General Election

April 7, 2014

Voting on Polling Day

On April 7, 2014, polling stations are be open from 9:30 a.m. to 8 p.m.

In addition, you received in your domicile the “Reminder card” indicating the address of your polling station.

The card also contains the names of the candidates running in your electoral division.


Front example of the reminder card


Back example of the reminder card

Four Hours to go and Vote – It’s your Right!

The requirement to give employees a period of four consecutive hours to go vote on polling day is imposed upon the employer by section 335 of the Election Act (chapter E-3.3).

Employees and employers covered

This time off applies to all employees, whether they work part time or full time and applies to all employers who undertake their activities in the province of Québec, even under federal jurisdiction.

Management rights of the employer

Thus, it is up to the employer to ensure that all employees who are qualified electors have 4 consecutive hours for voting. However, under management rights and subject to union agreements or any norms and standards that could apply to the relevant field of work, the employer generally controls the work hours of its employees.

The employer may modify the employees' work schedule to promote the right to vote on polling day, and that, provided that such modifications are not equivalent to a penalty or a pay cut.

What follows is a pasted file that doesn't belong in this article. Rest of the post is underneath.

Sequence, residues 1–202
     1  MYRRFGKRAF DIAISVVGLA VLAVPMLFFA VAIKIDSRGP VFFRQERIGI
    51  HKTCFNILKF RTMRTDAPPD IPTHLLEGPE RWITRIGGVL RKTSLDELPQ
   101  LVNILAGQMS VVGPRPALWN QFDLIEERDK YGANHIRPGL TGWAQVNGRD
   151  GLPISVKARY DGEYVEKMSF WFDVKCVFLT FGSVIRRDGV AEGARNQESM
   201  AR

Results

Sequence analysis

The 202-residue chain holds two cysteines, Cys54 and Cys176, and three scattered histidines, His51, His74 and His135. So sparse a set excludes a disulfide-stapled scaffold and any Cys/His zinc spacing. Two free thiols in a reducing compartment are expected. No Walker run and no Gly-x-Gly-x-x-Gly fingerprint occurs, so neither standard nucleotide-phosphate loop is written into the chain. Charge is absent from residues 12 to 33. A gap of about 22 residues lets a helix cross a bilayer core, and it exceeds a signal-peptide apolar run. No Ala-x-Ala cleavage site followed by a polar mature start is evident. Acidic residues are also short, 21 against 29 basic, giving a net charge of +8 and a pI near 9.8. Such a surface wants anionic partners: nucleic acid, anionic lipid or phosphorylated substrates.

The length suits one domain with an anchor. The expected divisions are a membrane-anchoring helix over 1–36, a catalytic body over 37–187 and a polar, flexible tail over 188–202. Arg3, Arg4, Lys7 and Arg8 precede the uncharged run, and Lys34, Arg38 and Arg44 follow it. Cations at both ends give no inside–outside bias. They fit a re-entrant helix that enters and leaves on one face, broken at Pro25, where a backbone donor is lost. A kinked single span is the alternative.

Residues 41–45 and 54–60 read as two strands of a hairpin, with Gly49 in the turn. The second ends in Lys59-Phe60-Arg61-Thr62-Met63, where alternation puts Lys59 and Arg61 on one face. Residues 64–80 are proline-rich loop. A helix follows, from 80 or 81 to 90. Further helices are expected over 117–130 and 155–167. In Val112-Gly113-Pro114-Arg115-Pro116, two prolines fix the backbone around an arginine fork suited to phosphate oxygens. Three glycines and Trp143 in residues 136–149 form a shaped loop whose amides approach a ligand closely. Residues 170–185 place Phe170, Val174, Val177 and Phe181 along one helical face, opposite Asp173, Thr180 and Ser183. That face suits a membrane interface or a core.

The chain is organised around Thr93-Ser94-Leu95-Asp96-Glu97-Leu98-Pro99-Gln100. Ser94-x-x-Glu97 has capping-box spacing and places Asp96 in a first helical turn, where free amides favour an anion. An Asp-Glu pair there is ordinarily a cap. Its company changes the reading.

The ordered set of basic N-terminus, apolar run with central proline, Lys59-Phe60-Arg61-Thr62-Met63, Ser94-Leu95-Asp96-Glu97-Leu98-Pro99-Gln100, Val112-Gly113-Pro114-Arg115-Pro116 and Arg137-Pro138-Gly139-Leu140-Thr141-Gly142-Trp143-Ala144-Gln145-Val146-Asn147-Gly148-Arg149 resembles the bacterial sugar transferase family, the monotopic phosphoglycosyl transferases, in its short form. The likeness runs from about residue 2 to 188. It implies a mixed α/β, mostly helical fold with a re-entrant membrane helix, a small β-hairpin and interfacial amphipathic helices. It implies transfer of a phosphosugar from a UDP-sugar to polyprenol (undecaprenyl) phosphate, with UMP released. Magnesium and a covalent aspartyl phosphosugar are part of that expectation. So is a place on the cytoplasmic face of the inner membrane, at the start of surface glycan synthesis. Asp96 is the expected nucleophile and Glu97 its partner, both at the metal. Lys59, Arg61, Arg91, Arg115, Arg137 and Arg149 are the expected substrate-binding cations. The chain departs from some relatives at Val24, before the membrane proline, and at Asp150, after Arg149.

The employer may invite their employees to exercise their right to vote on other days reserved for voting, either at advance polls on March 30 and 31, 2014 or by voting at the office of the returning officer on March 28 and 29, 2014 and from April 1st to 3, 2014. However, the employer may not compel an employee to vote on these days.

Offences under the Act

If no adjustment to the work schedule is offered to the employee or it is not possible or if the employer has not made the necessary arrangements to allow its employees to express their will by taking advantage of the period of 4 hours to vote, in that case the employer refuses an employee the 4-hour period and is likely committing an offence and is liable, for a first offence, to a fine of $1,000 to $10,000 for a natural person and from $5,000 to $30,000 in the case of a legal person. It is the same for an employer who grants the requested time off, but which is tied to a reduction in salary or other penalty.